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Invu Services Limited

Slow Invoice Processing puts Supplier Relationships to the test

Posted: 01/06/21 by Invu Services Limited

- Almost a third of UK finance decision-makers say they are unable to process supplier invoices in less than 20 days -

New research has shown that UK SMEs are struggling to process their invoices in a timely manner, which has consequences for the entire supply chain.

Almost a third of UK finance decision-makers (29%) say that they are unable to process supplier invoices in less than 20 days, with an additional 6% saying it can sometimes take more than 30 days and another 7% unable to identify how long it took at all.

Covid-19 has exposed the false assumption that each business is independent, with many business leaders having the stark realisation that they are, in fact, highly reliant on the goodwill of their supply chain and the support of their community.

With six million SMEs in the UK at the beginning of 2020, any delays in processing invoices or poor payment practices can quickly put supplier relationships under strain and could leave many businesses battling for survival.

The results have been published as part of a wider independent research report, titled “The Covid-19 stress test for business: an accelerator for change”, commissioned by document management, accounts payable and purchasing solutions provider, Invu.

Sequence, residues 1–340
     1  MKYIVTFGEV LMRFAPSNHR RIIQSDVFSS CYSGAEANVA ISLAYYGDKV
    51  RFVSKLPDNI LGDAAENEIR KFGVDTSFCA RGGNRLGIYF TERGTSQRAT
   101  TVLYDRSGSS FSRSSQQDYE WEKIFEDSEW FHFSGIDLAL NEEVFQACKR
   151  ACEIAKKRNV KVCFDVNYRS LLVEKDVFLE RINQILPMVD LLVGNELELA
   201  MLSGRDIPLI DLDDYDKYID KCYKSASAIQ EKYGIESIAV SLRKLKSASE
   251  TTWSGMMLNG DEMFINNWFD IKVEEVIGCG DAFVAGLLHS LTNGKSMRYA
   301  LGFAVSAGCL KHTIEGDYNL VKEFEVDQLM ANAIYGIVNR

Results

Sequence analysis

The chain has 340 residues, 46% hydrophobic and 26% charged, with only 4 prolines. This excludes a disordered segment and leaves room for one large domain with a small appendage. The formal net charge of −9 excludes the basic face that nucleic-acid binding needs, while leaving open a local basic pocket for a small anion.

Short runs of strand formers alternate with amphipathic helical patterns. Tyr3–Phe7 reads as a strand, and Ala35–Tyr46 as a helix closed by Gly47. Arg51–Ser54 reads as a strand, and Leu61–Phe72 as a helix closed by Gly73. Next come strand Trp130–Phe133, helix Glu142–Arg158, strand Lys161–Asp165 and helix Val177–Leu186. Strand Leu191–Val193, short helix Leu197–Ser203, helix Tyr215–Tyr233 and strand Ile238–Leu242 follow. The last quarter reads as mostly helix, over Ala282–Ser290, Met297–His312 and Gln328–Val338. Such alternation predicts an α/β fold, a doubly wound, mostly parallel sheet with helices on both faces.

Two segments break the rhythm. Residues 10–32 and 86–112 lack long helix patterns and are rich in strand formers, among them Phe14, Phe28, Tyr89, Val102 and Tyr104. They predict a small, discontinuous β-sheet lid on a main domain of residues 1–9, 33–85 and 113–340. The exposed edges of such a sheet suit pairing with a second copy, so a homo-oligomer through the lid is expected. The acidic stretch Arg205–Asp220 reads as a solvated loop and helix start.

In addition to late payments, the research also exposed a lack of effectiveness of the Purchase Order Process in UK businesses during the pandemic:
● 15% revealed that the current purchasing process is broken and needs fixing as a matter of priority
● Over a third (35%) reported that their current purchasing process can be improved.
● Less than half of UK finance decision-makers (46%) reported that their current purchasing process works just fine.

Speaking of the results and the challenges businesses have faced, Ian Smith, GM and Finance Director at Invu, said: “Having weathered the pandemic, UK businesses need to be ready for a quickening of the pace as we emerge from lockdown. The need for real-time decision making based on reliable and timely data delivered from management reporting is critical for under-pressure business leaders who need to understand their liabilities and commitments.”

Smith continues, “It’s not all doom and gloom however, Covid-19 has brought out the best in some companies. For example, Morrisons used £60m of its cash reserves to pay its suppliers quicker to ease the financial pressure in their supply chain. Credit must be given where it’s due.”

Looking at how UK companies managed their supplier relationship over the past 12 months, the results from the research revealed that 29% of UK finance decision-makers tended to put their suppliers first and did not engage in competitive tendering for goods and services. Of these, 37% were prepared to take special measures (like Morrisons) to support their supply chain in these tough times.

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